Since it's launch in 2007, the Roth Audio name has become synonymous with the world of high-end iPod docks, particularly its MC4 vacuum tube amp, which looks exquisite and, by all accounts, sounds nifty, too. Now, Roth Audio has moved into the home cinema arena with its OLi speakers.
This 5.1 system is intended to hit a low price point, yet aspires to combine both looks and performance. In many ways Roth Audio has achieved this, but there are caveats. The sound is big and brash but it needs to be carefully partnered with sympathetic electronics.
I found the splashy highs from the 1in tweeters got a little tiring and the 8-inch, 125W subwoofer hasn't really got enough weight to it.
Don't get me wrong, hear this system recounting Mars Attacks, and you'll be impressed by its rapid attack, but spin a bit of multichannel music (am I the only one with a 5.1 DTS disc collection?) or a lossless audio extravaganza and the affordable nature of these speakers begins to stick out like a Terminator's face bones.
The cabinets of the OLi 1s, OLi 3s and the OLi C2 are cleverly tapered, and the use of glass fibre for the cones gives a lot of the benefits of kevlar and carbon but with less cost.
In terms of style, these are a good shot at the goal by Roth's US-based designers. They're exquisite to behold, with a mixture of black wood and gloss-black lacquer that'll blend easily into most rooms, particularly those with a 'lifestyle' bent.
The use of steel rods to mount the grilles and Allen-headed fixings pinning the glass fibre drivers means this system looks neat with the grilles off, too. Certainly, this set is intriguing enough for me to hanker after a bigger system. A little more soul and general attention to detail wouldn't go amiss.
Setup is slightly hampered by a manual that mixes metric and imperial dimensions and a confusing explanation for what the control buttons do on the OLi KH2 subwoofer.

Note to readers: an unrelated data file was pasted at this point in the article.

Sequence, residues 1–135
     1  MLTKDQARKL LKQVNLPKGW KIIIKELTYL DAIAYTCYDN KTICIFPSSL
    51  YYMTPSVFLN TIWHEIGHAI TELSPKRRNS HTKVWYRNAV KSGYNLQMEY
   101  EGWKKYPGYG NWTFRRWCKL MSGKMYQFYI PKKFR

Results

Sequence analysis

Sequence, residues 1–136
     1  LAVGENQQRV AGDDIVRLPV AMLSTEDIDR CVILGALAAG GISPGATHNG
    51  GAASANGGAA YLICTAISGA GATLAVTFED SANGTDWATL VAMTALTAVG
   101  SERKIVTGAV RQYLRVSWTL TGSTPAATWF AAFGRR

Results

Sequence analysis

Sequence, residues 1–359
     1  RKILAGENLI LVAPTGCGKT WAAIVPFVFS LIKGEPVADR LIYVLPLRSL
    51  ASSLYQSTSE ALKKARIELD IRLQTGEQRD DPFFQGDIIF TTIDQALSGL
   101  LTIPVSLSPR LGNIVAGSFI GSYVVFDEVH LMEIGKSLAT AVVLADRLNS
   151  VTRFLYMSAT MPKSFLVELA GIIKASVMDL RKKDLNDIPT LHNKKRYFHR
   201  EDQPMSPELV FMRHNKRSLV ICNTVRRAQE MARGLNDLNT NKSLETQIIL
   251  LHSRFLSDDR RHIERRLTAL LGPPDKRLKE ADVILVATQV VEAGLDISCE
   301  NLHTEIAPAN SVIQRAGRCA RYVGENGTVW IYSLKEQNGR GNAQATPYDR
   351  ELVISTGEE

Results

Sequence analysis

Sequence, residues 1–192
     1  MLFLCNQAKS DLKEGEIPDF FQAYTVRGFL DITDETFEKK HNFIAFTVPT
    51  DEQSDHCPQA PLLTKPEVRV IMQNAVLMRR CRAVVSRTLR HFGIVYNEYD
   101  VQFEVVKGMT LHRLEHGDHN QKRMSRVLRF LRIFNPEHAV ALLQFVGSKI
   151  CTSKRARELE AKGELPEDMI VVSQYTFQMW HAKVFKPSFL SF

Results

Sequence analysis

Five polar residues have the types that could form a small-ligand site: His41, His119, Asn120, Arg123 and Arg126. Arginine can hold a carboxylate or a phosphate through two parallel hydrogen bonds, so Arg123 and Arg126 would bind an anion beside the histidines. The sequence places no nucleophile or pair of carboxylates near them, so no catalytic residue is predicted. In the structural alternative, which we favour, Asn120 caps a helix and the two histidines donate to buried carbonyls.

You're meant to press the button with the picture of your speakers' general size on it, but the images in the manual are transposed, which bit do you believe? This could easily hinder, rather than help, the unwary.
Anyway, the weak point of the system is the subwoofer. No matter what I did, the subwoofer's 125W motor didn't set my world on fire, although I could make out some difference in general shape of the bass with the different EQ presets.
The panel used to control everything on the top looks like it ought to be clever, but two knobs and a bypass switch on the back would have been just as efficient.
The subwoofer does have a nice smooth output, though. It's kinda like a Nissan Micra – comfy, clean, and perfectly acceptable if you want to do sixty. A version with 10-inch drivers and a more potent amp would be well-worth auditioning.
The OLi 3 system ticks lots of boxes, and for a fragment of the cost of some other brands. Personally, I would have preferred deeper bass, and some extra clarity to voices.
Despite that, this is a well-considered first foray into home cinema by Roth Audio, and would similarly make a good first system for anyone looking to add surround sound to their flatscreen experience – you get a lot of well-built, sexy-looking kit for your money.
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